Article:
Ask Dr. Breien: How Long Will A Knee Implant Last?

Dr. Breien explains how patients have some control over the life of their knee implant.

knee implant

Osteoarthritis affects an estimated 27 million Americans. Although the risk of developing this disease increases with age, it is not a disease confined to the elderly. At Summit, we treat patients in their 20s and 30s for osteoarthritic conditions. When conservative treatments fail and patients consider a knee replacement, they want to know how long they can expect their knee implant to last.

Knee implants are like cars; mileage may vary

Knee surgeon Dr. Kristoffer Breien explains that implant longevity varies from person to person. “I ask my patients, ‘If you buy a new car for your mom, and a new car for your son, which car will last longer?’ How good those cars are going to look in five years is all a matter of how you treat them. A knee implant is very similar. When you get it, it’s brand new. It just rolled off the lot. How it will perform in 10 or 20 years is a question of how you treat it and what you do with it. A knee implant in a 40-year-old runner is probably going to wear out faster than the same implant in a 65-year-old who enjoys strolling in the evening.”

There are some general predictors about how long a knee implant will last

“Data tell us that knee replacements in 30-year-olds are going to last 12 to 15 years,” says Dr. Breien. “On the other hand, knee replacements in 70-year-olds will probably last until they are 100. Why? Because an implant in an older person will generally be subjected to less load or aggressive activity.”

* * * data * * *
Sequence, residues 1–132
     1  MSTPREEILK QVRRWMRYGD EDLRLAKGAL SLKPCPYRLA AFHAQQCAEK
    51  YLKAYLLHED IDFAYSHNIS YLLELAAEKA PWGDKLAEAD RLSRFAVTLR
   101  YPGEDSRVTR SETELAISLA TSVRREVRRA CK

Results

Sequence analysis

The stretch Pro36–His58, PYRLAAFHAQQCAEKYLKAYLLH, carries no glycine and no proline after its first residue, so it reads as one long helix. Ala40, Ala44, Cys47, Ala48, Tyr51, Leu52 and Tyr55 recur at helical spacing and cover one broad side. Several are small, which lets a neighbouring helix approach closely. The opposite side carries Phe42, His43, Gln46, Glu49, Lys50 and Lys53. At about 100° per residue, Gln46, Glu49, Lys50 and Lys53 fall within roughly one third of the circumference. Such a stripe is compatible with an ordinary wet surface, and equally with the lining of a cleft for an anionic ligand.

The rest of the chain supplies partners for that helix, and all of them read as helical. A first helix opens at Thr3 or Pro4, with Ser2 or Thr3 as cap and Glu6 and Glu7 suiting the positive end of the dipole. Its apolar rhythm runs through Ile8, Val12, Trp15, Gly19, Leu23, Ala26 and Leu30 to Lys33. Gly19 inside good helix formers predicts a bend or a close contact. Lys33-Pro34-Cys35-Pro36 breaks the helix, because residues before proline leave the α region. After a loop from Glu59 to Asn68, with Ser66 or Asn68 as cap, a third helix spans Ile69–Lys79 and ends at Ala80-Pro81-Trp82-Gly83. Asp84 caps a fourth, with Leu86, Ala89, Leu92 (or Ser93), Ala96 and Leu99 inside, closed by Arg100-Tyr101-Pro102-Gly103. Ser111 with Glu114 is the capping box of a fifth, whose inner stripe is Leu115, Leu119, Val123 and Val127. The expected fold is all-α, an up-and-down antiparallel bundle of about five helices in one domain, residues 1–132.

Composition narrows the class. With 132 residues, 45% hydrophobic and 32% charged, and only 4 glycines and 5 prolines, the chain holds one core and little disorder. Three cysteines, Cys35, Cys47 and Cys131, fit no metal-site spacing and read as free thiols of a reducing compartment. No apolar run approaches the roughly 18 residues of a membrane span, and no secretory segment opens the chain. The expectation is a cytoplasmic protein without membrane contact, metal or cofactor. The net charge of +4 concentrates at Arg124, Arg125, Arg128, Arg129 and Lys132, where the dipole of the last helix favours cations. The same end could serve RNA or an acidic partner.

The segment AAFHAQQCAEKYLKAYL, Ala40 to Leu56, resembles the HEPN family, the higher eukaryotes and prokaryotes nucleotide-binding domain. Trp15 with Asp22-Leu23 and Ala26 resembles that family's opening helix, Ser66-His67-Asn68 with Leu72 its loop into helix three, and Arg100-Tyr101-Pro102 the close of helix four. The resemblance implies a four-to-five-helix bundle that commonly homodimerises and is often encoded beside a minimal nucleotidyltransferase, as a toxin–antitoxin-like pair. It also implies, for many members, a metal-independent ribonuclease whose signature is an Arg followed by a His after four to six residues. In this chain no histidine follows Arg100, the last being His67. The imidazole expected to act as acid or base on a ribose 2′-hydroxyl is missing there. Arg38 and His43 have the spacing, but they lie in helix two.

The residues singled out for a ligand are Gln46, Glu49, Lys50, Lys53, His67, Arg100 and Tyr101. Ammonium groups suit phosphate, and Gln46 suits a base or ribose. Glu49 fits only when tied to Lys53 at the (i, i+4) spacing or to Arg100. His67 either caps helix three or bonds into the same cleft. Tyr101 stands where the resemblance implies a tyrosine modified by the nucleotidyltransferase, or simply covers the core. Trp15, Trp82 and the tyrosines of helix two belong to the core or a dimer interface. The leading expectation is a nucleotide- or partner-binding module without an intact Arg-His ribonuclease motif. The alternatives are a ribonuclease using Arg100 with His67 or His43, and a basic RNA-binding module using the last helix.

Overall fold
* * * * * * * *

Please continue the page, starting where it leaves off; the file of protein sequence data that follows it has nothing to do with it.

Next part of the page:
Three factors play the largest role in knee implant longevity

“Weight, activity, and implant type have the most significant impact on how long a knee replacement will last,” says Dr. Breien. “Weight and activity matter most. We try to dissuade people from doing a lot of running and jumping. Low-impact exercise, on the other hand, is fine. Do as much elliptical work, bicycling, rollerblading, cross-country skiing, or swimming as you like. Those are low-impact activities.

“It’s true that I’ll let some of my older knee replacement patients play doubles tennis, pickleball, and racquetball,” admits Dr. Breien. “That’s because these are social sports. There’s not that much running. But I’m talking about these sports the way a 65-year-old would play them. A 25-year-old patient would be a different story. The sport may be the same, but the way the game is played is different. It’s the speed you use and the number of times you hit the wall that matters to your implant. I know that a 25-year-old is going to be more likely to dive for the ball. If you need to run and jump, you can. But you are going to wear out your implant faster.”

Setting reasonable expectations

“We tell patients to expect 20 to 25 years on their new knee,” says Dr. Breien. “You may have more time if your activity level doesn’t put demands on your implant. For patients who are at least 60 years of age, a knee replacement will probably last for a lifetime.

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  • Kristoffer Breien, M.D.

    “I tend to be more conservative in my approach, reserving surgery as a last option. In essence, I strive to care for patients and their problems in the same manner my family and I expect to be treated when we seek medical attention.”

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